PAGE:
Vaccines Toys, Toys in Vaccines, Are We Having Fun Yet?

Vaccination DollThe Japanese have been known for innovation in a variety of fields and the creation of the delicacy of sushi is a favorite for some. Many would automatically think of the Japanese as having brought about advances in technology including cameras, computers, and digital phones which usually tops the list. Today, however there seems to be emerging a new direction in the creation of general merchandise for public consumption. We have seen the branding and categorizing of toys for decades. Disney films, Pixar, and McDonalds have worked towards common goals. Make a blockbuster movie, merchandise the toys portraying the characters from the movie, and then include it in a meal featuring fast food items bundled with the toys.

Recently the characters in the film Madagascar have been put on the outside  package of allergy medications complete with stickers and a design for moms to host a medication party. Marketing directly to the children to promote drugs was at an all time low in my opinion just a few weeks ago. With lightening speed the “all time low” has been trumped even lower- to a sink- hole.
The Japanese have released a new toy doll that is designed to get VACCINES! Not only designed to get vaccines, but designed to actually cry when getting injections. The little girls who take ownership of these dolls are found to be dressed in scrub type attire and not flinch as they inoculate the crying doll. Perhaps the little girls remain unemotional and distant from the doll for the good of the state. Perhaps they understand the concept of “Herd Immunity” as portrayed in medical journals and pseudo-scientific literature. Perhaps the little girls understand that people are not actually animals and the concept of herd immunity is just a marketing ploy as evidenced by the recent outbreaks of Mumps, Whooping Cough, Chickenpox and measles despite vaccinations. Therefore the little girls acquiesce into submission of the inevitable safety measures and profits.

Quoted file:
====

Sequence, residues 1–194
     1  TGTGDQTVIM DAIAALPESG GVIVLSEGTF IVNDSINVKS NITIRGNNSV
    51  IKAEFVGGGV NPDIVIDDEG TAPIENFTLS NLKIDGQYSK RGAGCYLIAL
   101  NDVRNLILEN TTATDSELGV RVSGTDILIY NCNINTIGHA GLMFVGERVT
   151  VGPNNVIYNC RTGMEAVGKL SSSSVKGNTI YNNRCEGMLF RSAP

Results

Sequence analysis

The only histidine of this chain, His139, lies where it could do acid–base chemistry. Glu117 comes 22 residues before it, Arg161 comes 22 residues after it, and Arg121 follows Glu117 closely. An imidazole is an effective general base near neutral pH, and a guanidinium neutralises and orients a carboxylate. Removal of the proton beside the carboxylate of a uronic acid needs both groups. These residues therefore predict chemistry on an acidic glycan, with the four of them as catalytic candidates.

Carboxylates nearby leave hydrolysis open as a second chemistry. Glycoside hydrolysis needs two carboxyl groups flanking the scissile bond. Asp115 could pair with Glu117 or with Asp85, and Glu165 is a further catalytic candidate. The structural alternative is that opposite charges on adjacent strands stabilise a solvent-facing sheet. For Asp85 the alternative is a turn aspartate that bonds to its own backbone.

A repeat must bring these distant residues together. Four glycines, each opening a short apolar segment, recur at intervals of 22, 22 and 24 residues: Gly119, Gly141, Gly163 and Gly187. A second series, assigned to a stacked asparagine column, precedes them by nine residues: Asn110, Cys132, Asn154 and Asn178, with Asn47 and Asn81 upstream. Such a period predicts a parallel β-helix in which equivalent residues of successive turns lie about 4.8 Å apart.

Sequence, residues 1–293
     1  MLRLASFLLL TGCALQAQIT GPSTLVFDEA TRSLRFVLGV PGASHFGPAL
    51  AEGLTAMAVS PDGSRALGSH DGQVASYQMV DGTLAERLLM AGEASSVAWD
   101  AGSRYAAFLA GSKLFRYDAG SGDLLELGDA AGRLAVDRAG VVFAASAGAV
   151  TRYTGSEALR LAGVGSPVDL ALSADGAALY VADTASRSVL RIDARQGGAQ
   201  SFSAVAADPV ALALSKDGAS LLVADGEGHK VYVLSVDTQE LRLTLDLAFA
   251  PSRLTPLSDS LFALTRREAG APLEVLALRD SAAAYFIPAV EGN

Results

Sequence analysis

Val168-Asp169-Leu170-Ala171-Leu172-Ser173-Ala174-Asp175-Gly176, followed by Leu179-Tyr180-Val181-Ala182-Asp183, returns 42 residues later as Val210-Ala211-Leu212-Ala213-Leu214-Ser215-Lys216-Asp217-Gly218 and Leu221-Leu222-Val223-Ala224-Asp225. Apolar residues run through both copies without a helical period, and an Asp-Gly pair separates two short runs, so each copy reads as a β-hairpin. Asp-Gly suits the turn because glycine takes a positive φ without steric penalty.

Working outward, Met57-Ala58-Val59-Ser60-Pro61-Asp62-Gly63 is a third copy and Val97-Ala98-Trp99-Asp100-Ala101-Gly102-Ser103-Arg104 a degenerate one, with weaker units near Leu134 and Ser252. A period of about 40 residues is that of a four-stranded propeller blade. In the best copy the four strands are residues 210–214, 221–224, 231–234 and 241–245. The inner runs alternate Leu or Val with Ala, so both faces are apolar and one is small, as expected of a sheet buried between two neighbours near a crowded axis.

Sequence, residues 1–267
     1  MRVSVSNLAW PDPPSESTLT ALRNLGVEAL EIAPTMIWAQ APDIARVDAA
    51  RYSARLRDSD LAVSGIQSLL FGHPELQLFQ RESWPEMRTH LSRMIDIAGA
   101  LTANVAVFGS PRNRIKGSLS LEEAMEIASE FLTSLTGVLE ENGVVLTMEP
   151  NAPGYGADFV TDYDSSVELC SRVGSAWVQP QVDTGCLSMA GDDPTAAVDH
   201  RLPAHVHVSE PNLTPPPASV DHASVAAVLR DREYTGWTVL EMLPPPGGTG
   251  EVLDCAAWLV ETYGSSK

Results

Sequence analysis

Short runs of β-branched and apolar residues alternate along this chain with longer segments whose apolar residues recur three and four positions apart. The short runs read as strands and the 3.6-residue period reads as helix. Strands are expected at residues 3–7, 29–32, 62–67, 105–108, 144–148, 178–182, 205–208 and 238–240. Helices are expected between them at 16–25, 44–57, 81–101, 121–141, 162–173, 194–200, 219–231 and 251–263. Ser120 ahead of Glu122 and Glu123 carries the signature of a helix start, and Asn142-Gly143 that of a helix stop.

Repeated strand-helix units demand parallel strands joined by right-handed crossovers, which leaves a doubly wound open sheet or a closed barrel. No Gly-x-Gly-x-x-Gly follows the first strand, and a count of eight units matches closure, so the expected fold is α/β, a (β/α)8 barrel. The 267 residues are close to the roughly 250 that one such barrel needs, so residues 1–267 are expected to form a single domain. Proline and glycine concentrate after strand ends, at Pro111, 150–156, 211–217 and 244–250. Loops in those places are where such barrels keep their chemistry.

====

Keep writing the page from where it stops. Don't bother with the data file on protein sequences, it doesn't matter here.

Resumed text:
What I can not understand is how the Japanese can create products that infer dangers of vaccines to children one day, then a vaccination doll the next. Konami owns and distributes playing cards by the name of Yu-Gi-OH. One of the cards is titled , “Vaccine Damage Max,” and  the name is written across  the top.  It has a colorful painting of a vaccine in the center and robust action marks emanating from the vaccine in a comic book illustration sort of way. I was originally impressed at the way the cards could almost unconsciously speak to the youth. Perhaps it could embed a question in their minds. Open a conversation regarding the aluminum, thimerosal, embalming fluid, antifreeze, and formaldehyde in each vaccine that is perpetually shot into the children who eventually play in tournaments using the cards.

Juxtapose the Yu-Gi-Oh card with the doll that the Japanese are soon to release. A pattern begins to emerge. Market the toys that somehow suggest that the vaccines have become an aspect representing that getting shot up with drugs is a normal part of life..  Little do these children know that children received just a few vaccines in 1986 until the right to sue vaccine makers was removed regardless if a child seizured or died and suddenly the numbers of vaccines grew to over 70, as vaccine makers received permanent immunity.

This generation of kids has been exposed to ADHD, Autism, Tourettes, seizures with nearly a third of the class lining up at the school nurses office for their daily lunchtime pill. Only a few decades ago almost no one ever heard of autism or tourettes. It was not until the middle 1990’s that pharmaceutical companies won the right to directly market to people through the use of television commercials. Until then, hardly any children took drugs except for diabetes or asthma medications. Suddenly little boys asked their mothers if they had “erectile dysfunction” and little girls asked for “Restless leg” medications.

Saturday Night Live did a skit showing a toy doll that shot little girls by surprise with the Human Papilloma Virus vaccination. It’s name was “Li’l Poundcake  HPV doll and was shown as a TV type commercial on the show complete with a child like song and jingle. It was supposed to be a satire of sorts- funny and not meant to show reality. Perhaps this is an example of “Life imitating art or art imitating life?”


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